[Wikipedia-l] Re: mail WikiSpecies

Anthere anthere9 at yahoo.com
Wed Sep 15 14:59:32 UTC 2004

Andrew Lih a écrit:
> On Wed, 15 Sep 2004 15:40:25 +0200, Anthere <anthere9 at yahoo.com> wrote:
>>I do not think it is a legal requirement that board meetings are help
>>publicly. And I do not think it would be a good idea that we are
>>required to discuss publicly only. As for the meeting in question, I for
>>one, did not keep a copy of the log, and if some one did, I request to
>>review it before it is possibly made public.
> I was under the impression the board would be responsible for macro
> issues that were incapable of being done by the "community", such as
> the legal, monetary and logistical needs of the Foundation.

It is possible that we do not have the same definition of macro and micro...

For me, micro is "local" issues, not "may be done by the community" and 
macro is "wikimedia wide issues" rather than "may not be done by the 

Actually, a new project has legal, monetary and logistical issues attached.

And that
> anything that could still be initiated and decided on by the community
> would be done in wiki space by Wikipedians. If this is an incorrect
> interpretation, then an explanation would be appreciated.

This project was initiated by a non wikipedian and rejoined by 
wikipedians as far as I understood.
Wiki space... I think little discussion occured on wikispace
It was mostly on this mailing list, on meta and on irc.

> So my response to your point would be either:
> 1) The decision should not be done by the board, but by Wikipedians
> with the usual due process of proposal, discussion, yet more
> discussion, too much discussion, then voting.
> or
> 2) The decision be made by the board but be open and solicit opinions
> from the community, with the proceedings made public.

Voting... in this case... seems to be a bad idea.
 From my memories, the discussions on the topic were fully open.

I am not sure what you mean by proceedings made public. What do you call 
proceedings ?

In this case, I'd say case 2 is best. For a simple and unique reason. A 
new project, to welcome as a wikimedia project, should fit a collection 
of requirements. If not, it should not be part of the wikimedia project.
Recently, a french project asked to be hosted by us, and it was 
supported by a few french people. But this project did not follow what 
we considered essential, which is a free content. Hence we refused it. I 
think in cases a project does not fit the legal requirements mentionned 
in the bylaws, even if the community supports it, it should not be 
accepted. Or we should change the bylaws. Which would probably not be okay.

> Clearly, the way you suggest (by the board, but closed) is very much
> against the open spirit the Wikipedia community is used to. To be
> clear, I'm largely in favor of the Wikispecies proposal, and don't
> think the board acted in bad faith. But we should also take this
> opportunity to make sure that we set the right precedent for future
> decisions.

I see not why you say that "I" suggest "by the board but closed".
I certainly did not suggest that.
As I already said, I was not the one who started the decision making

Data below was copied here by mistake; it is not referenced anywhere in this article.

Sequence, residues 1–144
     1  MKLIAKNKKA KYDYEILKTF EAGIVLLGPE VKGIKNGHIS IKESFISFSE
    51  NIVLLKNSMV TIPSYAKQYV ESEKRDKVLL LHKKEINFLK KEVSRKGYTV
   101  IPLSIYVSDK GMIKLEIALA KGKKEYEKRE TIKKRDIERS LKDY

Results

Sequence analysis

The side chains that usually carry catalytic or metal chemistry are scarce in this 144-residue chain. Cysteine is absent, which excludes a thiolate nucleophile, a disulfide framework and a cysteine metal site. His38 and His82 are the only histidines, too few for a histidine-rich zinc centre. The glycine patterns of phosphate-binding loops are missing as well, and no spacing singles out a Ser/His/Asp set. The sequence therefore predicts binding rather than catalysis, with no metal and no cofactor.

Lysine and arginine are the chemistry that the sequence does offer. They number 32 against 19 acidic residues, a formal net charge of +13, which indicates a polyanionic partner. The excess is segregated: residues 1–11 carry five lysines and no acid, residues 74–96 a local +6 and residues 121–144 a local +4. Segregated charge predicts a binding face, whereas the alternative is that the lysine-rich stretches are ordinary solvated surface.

discussion. Also, it is not because I take the time to answer people 
concerns that I am the one responsible of the current situation.

I am doubly unhappy at your suggestion I favour a closed board, that I 
took great care precisely NOT to do that in the past 3 months. I spend 
hours on a daily basis discussing and listening to people, to avoid 
taking decisions which may not be agreeable.

It seems clear to me, that this decision did not please some people; and 
we will consider this fact for the next decisions. I am quite surprised 
that you consider this a total precedent. There are more than one 
decision which was taken by Jimbo in the past, with none of you all 
complaining. You trusted that this was a good decision and that there 
some arguments for taking it. Usually, Jimbo listened to the community, 
till a consensus arise. Well, sorry, but we did nothing different. We 
read all the mails and all the arguments, there were some discussions 
going on with who proposed the project, and we just tried to summarize 
all this information to take the decision which seemed best to us. And 
this is the point 2 you suggest. Where we very likely failed is to talk 
with Maverick enough, so as to adress better his concerns. As for me, I 
recognise we did that mistake of not hearing one side better. I do not 
think the current issue is one of despotisme as so many of you seem to 
imply, but one of rather very busy and very tired people, who try to do 
many things at the same time to please the hightest number of people, 
and who fail because they did not pay attention enough to one side. I 
think that makes a huge difference. And failing to hear someone enough 
should not be ground imho to accuse us of overstepping our mandate.

We will try to do better in the future, to listen more and longer. But I 
must warn you of one point. Jimbo, Angela and I are all three already 
streching our time limits. If you all want us to listen better, you will 
have to help us by providing better insight, summaries and such... and 
mostly, do not expect us to start polls or votes all the time. Neither 
of us three are very happy with votes and I doubt we'll start organising 
votes one by one. In short, those who want to help us take some final 
decisions will have to wet their shirt, hang around and call people to 
participate to discussion, create summaries, emulate discussions and co.

I hope that clarifies the issue a bit.

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